Congratulations, they want to hire you! That’s great news! But before you decide how to spend your paycheck (if there is one) you’ll need to decide if you should take the job or turn it down.
Deciding to accept or pass on an acting job isn’t always easy. The simple equation I use to evaluate acting offers is Money + Experience + Exposure. If a job gives you 2 out of 3 seriously consider it.
It’s no accident that the first (unofficial) rule of show business is “Take the money!” The first thing I consider when offered a job is “Does it pay and, if so, how much?” While it’s true that money isn’t everything, it’s amazing how important it becomes when you don’t have it. Taking a gig that pays you to stand on the corner in a chicken suit is a very wise career move when you really need the money.
On the flip side, if they’re offering good money but the experience is questionable and the exposure you’ll get is of the “full frontal” variety, money may not ultimately be the most important thing to you.
When you get an offer, run your household numbers and figure out if you can pay your bills on the money they’re offering. If you can’t, how much are you willing (or able) to sacrifice to do the job?
If you have a steady day job that pays the rent, will they give you time off to do it? How long is the job? A 1 day film or TV shoot requires less time than a theatre job. In either case, it’s good to know if your job will still be there when the gig is over. Jumping at the chance to do a gig if you’ll be struggling to pay your bills may not be a wise long-term career decision. Weigh the thrill of doing the gig against spending months digging yourself out of a financial hole.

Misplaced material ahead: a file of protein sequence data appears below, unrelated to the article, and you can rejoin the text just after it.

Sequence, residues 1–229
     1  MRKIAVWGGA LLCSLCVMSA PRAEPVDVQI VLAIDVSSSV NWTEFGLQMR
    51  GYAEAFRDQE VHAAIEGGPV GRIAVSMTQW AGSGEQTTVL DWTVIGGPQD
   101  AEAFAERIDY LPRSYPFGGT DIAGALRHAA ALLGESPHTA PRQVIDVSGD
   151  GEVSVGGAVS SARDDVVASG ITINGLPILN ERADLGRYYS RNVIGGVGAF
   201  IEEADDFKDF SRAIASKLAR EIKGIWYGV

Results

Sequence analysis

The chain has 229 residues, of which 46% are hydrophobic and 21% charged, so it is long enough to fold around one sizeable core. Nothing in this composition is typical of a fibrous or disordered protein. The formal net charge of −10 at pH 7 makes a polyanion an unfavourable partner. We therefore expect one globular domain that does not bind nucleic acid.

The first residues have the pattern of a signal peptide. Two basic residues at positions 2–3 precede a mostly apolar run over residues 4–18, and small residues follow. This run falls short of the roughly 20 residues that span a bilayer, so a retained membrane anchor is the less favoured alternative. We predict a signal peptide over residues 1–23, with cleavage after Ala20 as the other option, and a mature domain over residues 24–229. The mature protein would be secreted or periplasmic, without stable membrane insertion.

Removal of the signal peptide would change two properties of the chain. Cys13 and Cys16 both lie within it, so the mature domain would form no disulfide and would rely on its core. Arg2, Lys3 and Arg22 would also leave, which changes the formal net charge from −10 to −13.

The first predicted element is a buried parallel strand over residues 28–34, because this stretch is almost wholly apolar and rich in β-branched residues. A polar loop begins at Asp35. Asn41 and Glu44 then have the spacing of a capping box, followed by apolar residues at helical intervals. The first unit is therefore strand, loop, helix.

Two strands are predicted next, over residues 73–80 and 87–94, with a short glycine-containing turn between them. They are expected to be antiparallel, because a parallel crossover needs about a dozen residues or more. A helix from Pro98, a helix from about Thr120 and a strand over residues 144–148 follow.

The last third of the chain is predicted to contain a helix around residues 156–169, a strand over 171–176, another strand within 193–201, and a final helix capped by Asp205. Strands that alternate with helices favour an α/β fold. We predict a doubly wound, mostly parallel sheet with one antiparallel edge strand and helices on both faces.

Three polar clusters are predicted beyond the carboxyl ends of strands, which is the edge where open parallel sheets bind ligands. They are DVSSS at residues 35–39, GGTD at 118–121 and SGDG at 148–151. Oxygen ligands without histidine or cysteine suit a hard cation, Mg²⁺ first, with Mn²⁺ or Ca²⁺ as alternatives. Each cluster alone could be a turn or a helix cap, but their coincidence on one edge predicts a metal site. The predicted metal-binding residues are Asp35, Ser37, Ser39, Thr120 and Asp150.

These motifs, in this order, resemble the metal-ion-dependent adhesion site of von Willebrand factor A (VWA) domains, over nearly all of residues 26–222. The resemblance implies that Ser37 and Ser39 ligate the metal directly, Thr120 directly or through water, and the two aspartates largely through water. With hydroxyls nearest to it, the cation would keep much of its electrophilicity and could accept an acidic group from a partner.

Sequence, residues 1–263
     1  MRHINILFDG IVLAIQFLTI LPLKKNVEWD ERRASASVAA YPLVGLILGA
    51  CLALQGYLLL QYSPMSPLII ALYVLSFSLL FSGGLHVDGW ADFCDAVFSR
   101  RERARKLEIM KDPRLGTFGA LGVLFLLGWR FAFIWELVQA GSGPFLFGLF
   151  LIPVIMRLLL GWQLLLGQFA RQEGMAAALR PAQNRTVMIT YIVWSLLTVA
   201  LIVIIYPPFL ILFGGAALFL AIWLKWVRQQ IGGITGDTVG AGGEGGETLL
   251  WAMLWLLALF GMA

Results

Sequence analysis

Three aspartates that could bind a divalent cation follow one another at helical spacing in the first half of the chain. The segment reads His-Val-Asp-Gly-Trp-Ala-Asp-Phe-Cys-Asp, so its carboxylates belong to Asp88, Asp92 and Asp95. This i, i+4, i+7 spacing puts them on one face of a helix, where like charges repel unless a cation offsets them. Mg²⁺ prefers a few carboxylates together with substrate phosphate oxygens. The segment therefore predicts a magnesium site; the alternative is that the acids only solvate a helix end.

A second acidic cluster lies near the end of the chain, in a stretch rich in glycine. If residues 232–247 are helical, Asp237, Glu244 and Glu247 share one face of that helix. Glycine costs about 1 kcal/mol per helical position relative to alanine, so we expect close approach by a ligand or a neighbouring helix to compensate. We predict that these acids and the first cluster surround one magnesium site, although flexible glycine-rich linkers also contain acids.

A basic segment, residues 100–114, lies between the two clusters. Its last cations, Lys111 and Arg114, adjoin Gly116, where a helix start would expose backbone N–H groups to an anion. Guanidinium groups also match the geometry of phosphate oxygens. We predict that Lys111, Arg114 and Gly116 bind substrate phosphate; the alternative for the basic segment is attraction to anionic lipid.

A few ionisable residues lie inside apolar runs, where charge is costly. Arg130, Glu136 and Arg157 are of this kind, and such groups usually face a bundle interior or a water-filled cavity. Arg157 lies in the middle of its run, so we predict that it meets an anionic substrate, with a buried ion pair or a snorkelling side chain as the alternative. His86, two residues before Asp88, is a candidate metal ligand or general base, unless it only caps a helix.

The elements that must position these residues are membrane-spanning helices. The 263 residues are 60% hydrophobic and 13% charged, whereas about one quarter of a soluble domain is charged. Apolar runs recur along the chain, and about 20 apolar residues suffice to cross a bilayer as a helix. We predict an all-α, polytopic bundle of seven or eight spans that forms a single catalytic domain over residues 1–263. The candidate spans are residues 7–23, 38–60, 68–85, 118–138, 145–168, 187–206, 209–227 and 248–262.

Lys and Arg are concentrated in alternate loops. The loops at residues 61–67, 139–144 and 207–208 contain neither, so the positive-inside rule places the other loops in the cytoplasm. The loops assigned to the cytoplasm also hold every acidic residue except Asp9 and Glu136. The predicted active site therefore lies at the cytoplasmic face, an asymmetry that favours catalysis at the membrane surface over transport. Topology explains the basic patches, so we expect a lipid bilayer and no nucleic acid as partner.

A paycheck is a big plus for any job but you also need to factor in what you’ll gain from the experience. Will you grow as an artist? Will you get quality footage for your reel or a great credit? Will doing the job be great fun and make you happy? A great experience can be just as, if not more, valuable than money. Having clear priorities and career goals makes determining your best course of action a lot easier.
It’s important to think of each job as a step forward in your career. Will this job expose you to people who can hire you? Will you be working with an actor or director you admire? Is the job at a prestigious theatre you want to work for? Ours is a business of relationships. Connecting with artists further up the career food chain is a great opportunity to grow personally and professionally.
Will the job expose you to a wider audience? Higher profile jobs create more opportunities for you to build your fan base, make quality connections and increase the odds you’ll be seen and tapped for future projects.
Thinking of job offers in terms of money, experience and exposure keeps your priorities straight and helps you avoid making impulsive career decisions. So, next time you have to decide whether or not to sign a contract, remember: Money, Experience, and Exposure. If the job gives you 2 out of 3 it’s worth considering!
Need help booking that next big gig? Be sure to grab a copy of my free guide 5 Ways To Nail Your Next Audition HERE.
All my best,
Philip Hernandez is a respected acting teacher and singing coach in NYC. He is also the only actor in Broadway history to play both Jean Valjean and Inspector Javert in Les Miserables. He created principal roles in Broadway’s Kiss of the Spiderwoman and Paul Simon’s The Capeman. You may also know him from his many television appearances: The Blacklist, Gotham, Blue Bloods, Nurse Jackie, Elementary, Person of Interest, Hostages and Damages to name a few. For information about acting lessons CLICK HERE or singing lessons CLICK HERE.